Pradaxa bleeding risk appears no worse than warfarin - FDA

Fri Nov 2, 2012 2:08pm EDT

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(Reuters) - The risk of serious bleeding among new users of Pradaxa, a blood-clot preventer made by Germany's Boehringer Ingelheim, appeared to be no higher than in patients on the widely used standard blood thinner warfarin, U.S. regulators said.

The announcement Friday by the U.S. Food and Drug Administration may allay some safety concerns about Pradaxa, a pill developed by the privately held drugmaker Boehringer, to prevent strokes among patients with an irregular heartbeat known as atrial fibrillation.

The regulator's findings were based on an assessment of insurance claims and other data.

Over the past year, the FDA has been analyzing reports of serious bleeding among patients prescribed Pradaxa, including gastrointestinal bleeding and bleeding in the brain.

The agency said on Friday a comparable risk of serious bleeding for Pradaxa and warfarin was suggested by its review of insurance claims and by analyzing electronic healthcare data from multiple other sources.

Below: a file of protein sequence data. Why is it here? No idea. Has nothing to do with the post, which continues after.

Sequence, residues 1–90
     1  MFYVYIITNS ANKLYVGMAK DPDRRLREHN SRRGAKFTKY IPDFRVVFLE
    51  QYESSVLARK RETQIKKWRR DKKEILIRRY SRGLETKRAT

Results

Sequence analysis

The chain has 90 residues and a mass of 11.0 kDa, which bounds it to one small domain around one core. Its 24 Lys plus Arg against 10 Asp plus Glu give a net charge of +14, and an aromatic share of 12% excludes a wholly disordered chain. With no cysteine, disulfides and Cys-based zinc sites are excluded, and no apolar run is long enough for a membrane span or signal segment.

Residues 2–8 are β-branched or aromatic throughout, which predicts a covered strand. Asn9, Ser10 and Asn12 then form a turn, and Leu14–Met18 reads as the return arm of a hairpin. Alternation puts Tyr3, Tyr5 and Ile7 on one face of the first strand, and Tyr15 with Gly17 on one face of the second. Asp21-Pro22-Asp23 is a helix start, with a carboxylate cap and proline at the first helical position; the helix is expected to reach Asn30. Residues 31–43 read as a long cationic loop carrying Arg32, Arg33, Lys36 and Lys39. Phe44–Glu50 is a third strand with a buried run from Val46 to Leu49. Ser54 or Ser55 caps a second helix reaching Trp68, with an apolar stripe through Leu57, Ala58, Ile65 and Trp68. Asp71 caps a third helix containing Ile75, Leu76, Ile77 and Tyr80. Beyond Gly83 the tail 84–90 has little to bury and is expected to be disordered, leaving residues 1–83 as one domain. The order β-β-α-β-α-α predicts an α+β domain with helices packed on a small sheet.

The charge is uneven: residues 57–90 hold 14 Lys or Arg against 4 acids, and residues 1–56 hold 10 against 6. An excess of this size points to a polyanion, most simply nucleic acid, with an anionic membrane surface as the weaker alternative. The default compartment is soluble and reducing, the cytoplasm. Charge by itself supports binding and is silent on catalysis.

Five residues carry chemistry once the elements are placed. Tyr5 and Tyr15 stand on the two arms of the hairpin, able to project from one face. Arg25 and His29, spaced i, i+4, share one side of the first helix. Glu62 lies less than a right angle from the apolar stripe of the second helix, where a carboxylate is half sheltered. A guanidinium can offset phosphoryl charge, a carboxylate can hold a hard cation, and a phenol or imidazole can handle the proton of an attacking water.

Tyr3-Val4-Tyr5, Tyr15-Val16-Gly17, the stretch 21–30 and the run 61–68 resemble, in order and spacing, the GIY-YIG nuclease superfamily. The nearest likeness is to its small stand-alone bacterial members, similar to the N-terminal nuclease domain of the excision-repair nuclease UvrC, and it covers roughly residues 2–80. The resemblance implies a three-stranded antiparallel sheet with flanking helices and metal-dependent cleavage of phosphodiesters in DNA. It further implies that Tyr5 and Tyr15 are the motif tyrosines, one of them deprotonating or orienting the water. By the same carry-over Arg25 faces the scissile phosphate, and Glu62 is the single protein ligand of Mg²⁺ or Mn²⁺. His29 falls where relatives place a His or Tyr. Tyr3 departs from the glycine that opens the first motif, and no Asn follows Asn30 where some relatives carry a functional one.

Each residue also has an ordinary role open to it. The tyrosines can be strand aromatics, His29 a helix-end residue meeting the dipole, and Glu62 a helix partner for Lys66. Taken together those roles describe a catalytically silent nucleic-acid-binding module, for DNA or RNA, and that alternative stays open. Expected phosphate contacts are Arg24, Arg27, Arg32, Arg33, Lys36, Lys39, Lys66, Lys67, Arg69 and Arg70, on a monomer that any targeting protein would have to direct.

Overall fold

The FDA said it was also planning other assessments of Pradaxa's bleeding risks.

The medicine competes with Xarelto, a stroke-prevention pill for atrial fibrillation patients developed by Johnson & Johnson and Bayer AG.

A similar pill being developed by Bristol-Myers Squibb and Pfizer Inc, Eliquis, is awaiting U.S. approval and is deemed by many Wall Street analysts to be the most impressive of a new generation of oral drugs to replace warfarin.

(Reporting by Ransdell Pierson in New York; Editing by Bernadette Baum)

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Comments (2)
ghotai wrote:
Well, the announcement does not reflect the experience of the medical community with Pradaxa. As a seasoned (25 years), residency trained and board certified emergency medicine physician, Pradaxa has been a drug which has led to patient deaths and been a nightmare to manage. With no EFFECTIVE reversal (unlike coumadin), when you get into trouble, you are in deep trouble. I predict that Pradaxa will not be around in 5 years.

Nov 03, 2012 1:31pm EDT  --  Report as abuse
wsp wrote:
One problem….NO ANTIDOTE!!!… Apparently only ER physicians are aware and have seen firsthand the effects of this. Imagine telling the patient’s family there is nothing you can do to
reverse this and the patient will ultimately bleed out and die…..over 470 deaths this year related to an overdose. Managing coumadin for each patient is both art and science (especially with the elderly in LTC facilities), but if a mistake is made, vit. K is readily available…..

Nov 04, 2012 12:08pm EST  --  Report as abuse
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